Finance Minister Pascal Donohue has suggested that global change could reduce the republic’s 11.8 billion euros in corporate taxes by one – fifth.
Donohue told the American Chamber of Ireland, which represents major American investors, that the Republic will play its part in the OECD’s efforts to tackle cross-border tax evasion.
He said he was confident an agreement could be reached this year and that it would cost one-fifth of the state’s corporate tax. It was $ 11.8 billion last year.
On Thursday, the United States proposed a minimum global corporate tax rate of at least 15%, which is higher than the state rate of 12.5%. This proposal has been welcomed by many European governments.
Donoh rerssed said he has reservations about any steps towards comprehensive tax coordination rather than dealing with rigorous tax planning.
He said any change approved by the OECD would take into account the stability and certainty with which companies would invest in the future.
Similarly, he said tax restrictions should continue on investment in research and development.
“I do not think small countries can use tax planning as a legitimate tool,” he told the House World Conference.
Donoho added that this includes dishes and industrial heritage enjoyed by many major countries.
The minister said the government is still committed to imposing a 12.5 per cent tax on corporate profits in the Republic.
He pointed out that employees of multinational companies in the Republic pay a similar income tax to their corporations.
But the minister ressed that all this was not unilateral. Ireland is the ninth largest source of domestic investment in the United States. There are 110,000 people working for Irish companies in more than 1,000 locations in 50 states, ”he said.
U.S. investors in the Republic include Pfizer, which will begin manufacturing Covid-19 vaccines later this year, and computer chip giant Intel and software group Microsoft.
The 800 American companies in the Republic employ more than 180,000 people, and 140,000 people indirectly depend on these companies for employment.
Meanwhile, other parts of Europe enthusiastically welcomed the US proposal to raise the global minimum corporate tax rate to 15% on Friday.
“This is a real step forward,” German Finance Minister Olaf Schultz said during a meeting with his European rivals in Lisbon. “This summer and what we’ve been working on for so long will really give us a chance to become a reality.”
The latest move to an agreement between 139 countries is below the 21 percent previously recommended by the U.S. for the foreign exchange earnings of their companies, a level that some countries have overstated.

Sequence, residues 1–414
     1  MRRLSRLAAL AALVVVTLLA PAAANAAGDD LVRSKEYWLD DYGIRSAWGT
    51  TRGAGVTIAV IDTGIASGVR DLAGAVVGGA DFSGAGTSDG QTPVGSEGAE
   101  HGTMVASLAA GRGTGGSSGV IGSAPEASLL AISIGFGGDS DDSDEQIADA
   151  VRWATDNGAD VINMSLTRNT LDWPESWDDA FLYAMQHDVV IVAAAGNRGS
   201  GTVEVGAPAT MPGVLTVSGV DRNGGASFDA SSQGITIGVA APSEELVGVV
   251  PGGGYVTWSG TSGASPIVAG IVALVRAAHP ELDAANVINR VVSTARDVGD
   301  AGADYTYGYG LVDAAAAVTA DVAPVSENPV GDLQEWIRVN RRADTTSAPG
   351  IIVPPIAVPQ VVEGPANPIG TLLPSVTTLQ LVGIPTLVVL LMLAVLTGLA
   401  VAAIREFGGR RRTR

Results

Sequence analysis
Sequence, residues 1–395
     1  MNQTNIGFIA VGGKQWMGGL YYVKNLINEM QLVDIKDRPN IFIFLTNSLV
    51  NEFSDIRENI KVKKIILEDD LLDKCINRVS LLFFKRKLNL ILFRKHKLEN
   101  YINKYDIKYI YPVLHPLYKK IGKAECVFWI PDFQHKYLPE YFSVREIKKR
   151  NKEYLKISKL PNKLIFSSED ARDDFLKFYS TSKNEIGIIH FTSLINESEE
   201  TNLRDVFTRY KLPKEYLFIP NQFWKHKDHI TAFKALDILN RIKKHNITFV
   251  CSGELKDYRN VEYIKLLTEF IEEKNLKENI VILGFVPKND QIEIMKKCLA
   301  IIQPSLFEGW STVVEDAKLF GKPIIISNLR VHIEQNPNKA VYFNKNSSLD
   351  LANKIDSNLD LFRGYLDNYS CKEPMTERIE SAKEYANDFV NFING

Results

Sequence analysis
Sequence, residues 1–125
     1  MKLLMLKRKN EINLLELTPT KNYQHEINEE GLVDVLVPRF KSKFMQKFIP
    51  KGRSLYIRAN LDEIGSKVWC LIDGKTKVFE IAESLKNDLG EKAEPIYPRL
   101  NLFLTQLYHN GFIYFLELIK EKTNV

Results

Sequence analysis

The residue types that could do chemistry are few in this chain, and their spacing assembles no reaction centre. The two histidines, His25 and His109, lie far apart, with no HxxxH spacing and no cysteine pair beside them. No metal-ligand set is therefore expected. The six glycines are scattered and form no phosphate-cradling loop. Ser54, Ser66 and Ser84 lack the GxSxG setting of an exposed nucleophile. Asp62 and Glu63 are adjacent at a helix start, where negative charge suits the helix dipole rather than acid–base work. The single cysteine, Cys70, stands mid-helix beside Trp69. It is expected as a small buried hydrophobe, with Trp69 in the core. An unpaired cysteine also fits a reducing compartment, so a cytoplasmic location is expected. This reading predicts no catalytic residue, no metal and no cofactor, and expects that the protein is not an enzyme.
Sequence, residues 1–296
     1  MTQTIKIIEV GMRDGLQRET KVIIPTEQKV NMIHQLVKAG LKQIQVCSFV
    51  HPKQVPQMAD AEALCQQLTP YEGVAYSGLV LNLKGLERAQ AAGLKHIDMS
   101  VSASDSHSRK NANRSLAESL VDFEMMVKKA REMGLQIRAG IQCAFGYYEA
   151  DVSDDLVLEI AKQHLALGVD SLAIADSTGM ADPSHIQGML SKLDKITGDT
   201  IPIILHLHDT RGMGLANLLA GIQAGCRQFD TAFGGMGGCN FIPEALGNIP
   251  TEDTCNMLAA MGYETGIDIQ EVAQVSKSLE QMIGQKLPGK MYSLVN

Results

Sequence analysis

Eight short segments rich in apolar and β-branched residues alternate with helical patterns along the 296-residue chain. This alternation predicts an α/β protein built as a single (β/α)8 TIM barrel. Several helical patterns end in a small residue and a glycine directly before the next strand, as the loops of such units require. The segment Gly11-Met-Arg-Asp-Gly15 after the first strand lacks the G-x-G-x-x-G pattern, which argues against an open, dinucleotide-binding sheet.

The OECD discussions on technological complexity, Atlantic maritime conflicts and trade tensions have stalled for years. The upcoming deal raises the possibility of even bigger bills for global companies.
“The main problem is not numbers, but we can live at 15 per cent – this is a good compromise between the expectations of all OECD members,” French Finance Minister Bruno Le Meyer said at the meeting. Lisbon. .
“The key issue is to define a global framework for digital taxes and minimum taxes.”
EU Economic Commissioner Paulo Gentiloni said this was the first step towards reaching an agreement and that Italian Finance Minister Daniel Franco. Mr. Donohue did not consider the matter publicly in Lisbon.
The two eurozone officials told the meeting that the US offer would receive widespread support in the wider European Union. An official said the 15 per cent rate would be acceptable to all EU member states, including Luxembourg and Ireland.
Speaking to reporters in Tokyo, Japanese Finance Minister Taro Aso said the US proposal represented progress, although more talks were needed. He said the G20 summer meeting is expected to move to global deals, including digital tax, but final deals will not take place until the end of the year.
A poll by the U.S. House of Representatives shows that four out of five Irish people believe that US companies are important to the future of the Republic. 94 percent said these companies would be crucial to the financial recovery.
Three-quarters said low taxes helped attract multinationals here, but 63% believe the quality of Irish workers is the main reason why U.S. companies are investing here.
However, 63% of respondents said they underestimate the number of people working for US companies, which is less than one lakh and the actual number is not 180,000.
Gareth Lamby, Speaker of the U.S. House of Representatives and Vice President of Ireland’s social media giant Facebook, said the vote showed that the public supports the contributions of American companies to the country. Additional Report: Bloomberg